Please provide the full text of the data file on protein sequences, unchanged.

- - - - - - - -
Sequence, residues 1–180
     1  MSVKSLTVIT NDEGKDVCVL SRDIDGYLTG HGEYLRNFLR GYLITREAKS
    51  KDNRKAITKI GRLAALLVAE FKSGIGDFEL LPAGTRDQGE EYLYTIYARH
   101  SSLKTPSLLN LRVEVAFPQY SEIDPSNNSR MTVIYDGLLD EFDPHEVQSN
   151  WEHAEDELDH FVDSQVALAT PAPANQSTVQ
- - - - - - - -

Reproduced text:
Sequence, residues 1–180
     1  MSVKSLTVIT NDEGKDVCVL SRDIDGYLTG HGEYLRNFLR GYLITREAKS
    51  KDNRKAITKI GRLAALLVAE FKSGIGDFEL LPAGTRDQGE EYLYTIYARH
   101  SSLKTPSLLN LRVEVAFPQY SEIDPSNNSR MTVIYDGLLD EFDPHEVQSN
   151  WEHAEDELDH FVDSQVALAT PAPANQSTVQ